Five Things I Learned From Cruising
I had have my share of travel experiences from backpacking in Tuscany, Italy, fighting for my space in crowded buses in Kalinga and Sagada, Philippines, hiking to small mountain villages such as Dinungsay, Kalinga, standing room trains bound in some parts of Europe (this experience even included a really stinky passenger beside me and one guy almost falling off the door because the train went on a sudden halt), driving for eight hours from Maryland to Quebec, flying through cheap airlines to some far off small airport to save some money and most recently, cruising the Mediterranean and the Baltics. Cruising is one good way to travel especially if you have at least a week or more vacation time allowed. Some cruises even go for a month-long journey. It's also a good alternative for travelers who couldn't stand the stress of hopping from one transportation to another or sweating in some hotels that were misrepresented on some website; I know, I've been there.
Some people shun the idea of cruising because they claim to be hard core trekkers/hikers and indie travel purists, but understand that we are all different types of travelers and not all of us are into backpacking or trekking, so cruising is just another vehicle to explore the world. Not that there's something wrong about indie travel, but that some of us just don't have the stamina for such travel. After all, the worse thing you could do is travel and you end up miserable and unhappy while on the road. The world is here to explore, explore it the way you see fit and you'll be happier. In the end, what matters most is that you're experiencing places and culture around the world.
With two cruises in my pocket, I learned a few things I'd like to share with you.
- Life Is A Cruise: Cruising is a more relaxed way to travel compared to being on the road all the time. I know several cruise passengers who just lounged at the pool even if we're at port of call. Being in a cruise sort of takes away the stress of getting lost, stressing of not making your next flight, or worried that your hostel, hotel or B&B is not to your liking. In a cruise, you get your room cleaned and made up every day and your hotel floats to your next destination.
- Group Tours Or On Your Own: There are itineraries available at every port of call. For people who simply wants to see places without the headache of dealing with itineraries, cruise operators offer a variety of group tours. In my experience, group tours offer pick ups and drop offs, so all you have to do is hop on the bus armed with your camera and enjoy your itinerary for the day with an experienced guide. Group tours offer less travel stress and if you happen to have a knowledgeable guide, you'll be given a lot of local information about the city your visiting. Also, it's a valuable experience to be able to ask questions from your guide. On the downside, group tours can range from $50 to $200 per person and can be expensive. The good thing is, you have a choice to visit the country on your own and do away with the formatted group tour. We toured Tallinn, Estonia and Helsinki, Finland on our own and we had a wonderful time going our own pace exploring these cities. However, I don't recommend going on your own in certain places like St. Petersburg, Russia especially that some of the must visits sites require you to be on a tour group. Another downside to tour groups is that sometimes, tour guides have to rush travelers because they are running late or out of time. You have to understand that tour guides follow a time schedule and that they have to make sure you have to see all the designated places in your itinerary, and still make it back to your ship before time of departure.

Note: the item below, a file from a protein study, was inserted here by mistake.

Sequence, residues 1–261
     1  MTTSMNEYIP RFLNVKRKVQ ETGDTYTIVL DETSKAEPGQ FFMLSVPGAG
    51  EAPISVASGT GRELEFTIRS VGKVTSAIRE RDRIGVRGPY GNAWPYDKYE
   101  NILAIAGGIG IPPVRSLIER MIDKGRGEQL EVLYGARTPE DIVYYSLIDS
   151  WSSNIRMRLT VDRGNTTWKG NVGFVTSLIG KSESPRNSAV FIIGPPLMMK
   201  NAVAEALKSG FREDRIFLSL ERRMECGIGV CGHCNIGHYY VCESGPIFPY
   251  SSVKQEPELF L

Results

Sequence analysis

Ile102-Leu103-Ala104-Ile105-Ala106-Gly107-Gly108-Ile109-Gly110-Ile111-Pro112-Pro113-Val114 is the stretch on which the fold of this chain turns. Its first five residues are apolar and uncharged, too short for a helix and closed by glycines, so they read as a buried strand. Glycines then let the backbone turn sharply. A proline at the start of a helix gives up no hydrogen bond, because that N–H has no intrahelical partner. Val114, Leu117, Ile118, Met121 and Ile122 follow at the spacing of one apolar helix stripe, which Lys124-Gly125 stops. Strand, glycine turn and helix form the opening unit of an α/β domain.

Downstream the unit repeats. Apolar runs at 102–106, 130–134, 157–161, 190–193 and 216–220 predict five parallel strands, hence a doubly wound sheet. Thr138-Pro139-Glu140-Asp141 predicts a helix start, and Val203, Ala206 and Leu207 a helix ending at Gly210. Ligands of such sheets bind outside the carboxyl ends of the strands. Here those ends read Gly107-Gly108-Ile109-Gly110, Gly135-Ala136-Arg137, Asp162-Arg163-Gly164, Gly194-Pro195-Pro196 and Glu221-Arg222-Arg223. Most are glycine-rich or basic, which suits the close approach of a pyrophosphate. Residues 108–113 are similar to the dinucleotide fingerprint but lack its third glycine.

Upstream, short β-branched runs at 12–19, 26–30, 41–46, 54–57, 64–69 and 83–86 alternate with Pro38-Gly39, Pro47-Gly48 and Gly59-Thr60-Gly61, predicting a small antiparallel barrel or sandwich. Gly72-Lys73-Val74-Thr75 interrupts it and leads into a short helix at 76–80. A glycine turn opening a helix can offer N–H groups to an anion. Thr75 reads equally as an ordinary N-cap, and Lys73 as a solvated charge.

- Floating City: Boarding a cruise ship means you have a floating room and board to every country you visit. In addition, you also have entertainment onboard, activities such as learning a new language and crafts (for a minimal fee), sports and exercise facilities to keep your body in shape, choice of restaurants (some restaurants you have to pay and some are included in your cruise package) and of course, there's always that buffet table that is open 24 hours when you get hunger pangs even at 12 am. Being in a cruise ship is comparable to being in a floating city where there's a casino, a theater, spa services, laundry services, shops, library, play rooms and more. Sometimes, facilities and amenities available depends on the size of your ship.
- Sea Meditation: If you get tired of the casino and the onboard entertainment, you can always look to the sea for inspiration. Gazing at the vastness of the sea can be very relaxing and meditative. While on cruise, take the time to smell the fresh sea breeze, grab a book and find a quiet corner and be lost in a novel, or join an early morning yoga class to start your day right. And if you're cruising with your partner, go to the highest deck to watch the sunrise or sunset huddled in a blanket, nothing can be more romantic than that.
- The Ship Is A Destination: The ship's staff comes from all over the globe. If you want to meet different types of people and personalities in one destination, the cruise ship is a good place. The ships' crew are very friendly, helpful and accommodating. Yes, they are paid to provide customer service but they're an integral part in making your trip memorable. Just think how far these people come from just to make your trip a successful one. After each cruise I took, I started missing some of the staff I met that really made an impression on me. The cruise ship itself is a country and worthy as a destination.
This was our view while eating nutella crepes and sipping Greek coffee at a shop in Santorini.